Authors:A. Małecki, B. Prochowska-Klisch, and K. Wojciechowski
A detailed analysis is presented of the applicability of several dependences commonly used for the determination of activation
energies from non-isothermal measurements. Reactions proceeding according to different kinetic equations are simulated and
the validity of the activation energy values obtained is discussed. The general conclusion is drawn that none of the examined
dependences should be used to determine the activation energy. For a rough estimation of activation energy, the Kissinger
equation can be applied according to Ockham's razor.
The integral methods, which are obtained from the various approximations for the temperature integral, have been extensively
used in the non-isothermal kinetic analysis. In order to obtain the precision of the integral methods for the determination
of the activation energy, several authors have calculated the relative errors of the activation energy obtained from the integral
methods. However, in their calculations, the temperature integral at the starting temperature was neglected. In this work,
we have performed a systematic analysis of the precision of the activation energy calculated by the integral methods without
doing any simplifications.
The results have shown that the relative error involved in the activation energy determined from the integral methods depends
on two dimensionless quantities: the normalized temperature θ=T/T0, and the dimensionless activation energy x0=E/RT0 (where E is the activation energy, T is the temperature, T0 is the starting temperature, R is the gas constant).
The response of a chemical reaction to temperature modulation has been examined experimentally in an epoxy thermosetting system.
The kinetic response appears in the imaginary part of the complex heat capacity determined by TMDSC. From the imaginary part
and the ‘non-reversing’ heat flow of reaction, the activation energy has been determined. The value of the activation energy
obtained is in good agreement with the value determined from Kissinger's plot utilizing the peak temperatures of the exothermic
reaction with different heating rates.
A nonlinear algorithm has been suggested to increase the accuracy of evaluating the activation energy by the integral isoconversional method. A minor modification of the algorithm has made it possible to adapt the isoconversional method for an arbitrary variation of the temperature. This advanced isoconversional method allows for trustworthy estimates of the activation energy when the thermal effect of a reaction makes the temperature of a sample deviate from a prescribed heating program.
Authors:R. Pitchimani, W. Zheng, S. Simon, L. Hope-Weeks, A. Burnham, and B. Weeks
Pentaerythritol tetranitrate (PETN) powders are used to initiate other explosives. During long-term storage, changes in powder
properties can cause changes in the initiation performance. Changes in the morphology and surface area of aging powders are
observed due to sublimation and growth of PETN crystals through coarsening mechanisms, (e.g. Ostwald ripening, sintering,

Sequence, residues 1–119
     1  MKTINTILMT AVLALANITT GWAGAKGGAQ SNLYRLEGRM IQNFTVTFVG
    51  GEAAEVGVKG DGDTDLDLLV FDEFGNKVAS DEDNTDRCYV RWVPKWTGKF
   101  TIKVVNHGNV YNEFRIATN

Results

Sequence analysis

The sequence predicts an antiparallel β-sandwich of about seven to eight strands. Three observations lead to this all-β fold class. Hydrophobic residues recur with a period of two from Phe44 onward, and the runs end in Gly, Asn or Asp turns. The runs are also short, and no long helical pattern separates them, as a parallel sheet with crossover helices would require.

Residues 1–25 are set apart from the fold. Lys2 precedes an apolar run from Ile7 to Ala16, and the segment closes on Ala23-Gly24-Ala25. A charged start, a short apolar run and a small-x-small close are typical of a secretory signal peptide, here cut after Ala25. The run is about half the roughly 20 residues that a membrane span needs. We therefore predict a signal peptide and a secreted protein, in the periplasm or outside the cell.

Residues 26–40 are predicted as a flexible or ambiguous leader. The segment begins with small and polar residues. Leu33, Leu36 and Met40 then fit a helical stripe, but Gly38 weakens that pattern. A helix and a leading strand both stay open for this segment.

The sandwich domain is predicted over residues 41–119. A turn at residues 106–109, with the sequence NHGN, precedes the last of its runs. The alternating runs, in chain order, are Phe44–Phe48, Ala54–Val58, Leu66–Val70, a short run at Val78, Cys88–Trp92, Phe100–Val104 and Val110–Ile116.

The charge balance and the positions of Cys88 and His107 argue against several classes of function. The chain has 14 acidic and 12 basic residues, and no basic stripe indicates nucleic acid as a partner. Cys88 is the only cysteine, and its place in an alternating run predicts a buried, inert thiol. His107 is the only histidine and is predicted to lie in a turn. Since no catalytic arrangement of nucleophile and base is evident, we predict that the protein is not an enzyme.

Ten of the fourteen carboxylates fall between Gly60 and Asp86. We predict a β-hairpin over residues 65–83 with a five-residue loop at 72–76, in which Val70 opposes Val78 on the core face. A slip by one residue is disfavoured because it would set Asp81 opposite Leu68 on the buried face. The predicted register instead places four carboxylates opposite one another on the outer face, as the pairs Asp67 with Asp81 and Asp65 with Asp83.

etc.). In order to alleviate the sublimation of PETN crystals under service conditions, stabilization methods such as thermal
cycling and doping with certain impurities during or after the crystallization of PETN have been proposed.
In this report we present our work on the effect of impurities on the morphology and activation energy of the PETN crystals.
The pure and impurity doped crystals of PETN were grown from supersaturated acetone solution by solvent evaporation technique
at room temperature. The difference in the morphology of the impurity-doped PETN crystal compared to pure crystal was examined
by optical microscopy. The changes in the activation energies and the evaporation rates are determined by thermogravimetry
(TG). Our activation energies of evaporation agree with earlier reported enthalpies of vaporization. The morphology and activation
energy of PETN crystals doped with Ca, Na, and Fe cations are similar to that for pure PETN crystal, whereas the Zn-ion-doped
PETN crystals have different morphology and decreased activation energy.
Authors:G. Papp, Beáta Bugyi, Z. Ujfalusi, Sz. Halasi, and J. Orbán
The effect of pH was characterised on the thermal stability of magnesium saturated skeletal and cardiac α-actin isoforms with
differential scanning calorimetry (DSC) at pH 7.0 and 8.0. The calorimetric curves were further analysed to calculate the
enthalpy and transition entropy changes. The activation energy was also determined to describe the energy consumption of the
initiation of the thermal denaturation process. Although the difference in Tmvalues is too small to interpret the difference between the a-actin isoforms, the values of the activation energy indicated
that the α-skeletal actin is probably more stable compared to the α-cardiac actin. The difference in the activation energies
indicated that lowering the pH can produce a more stable protein matrix in both cases of the isoforms. The larger range of
the difference in the values of the activation energies suggested that the α-cardiac actin is probably more sensitive to the
change of the pH compared to the α -skeletal actin.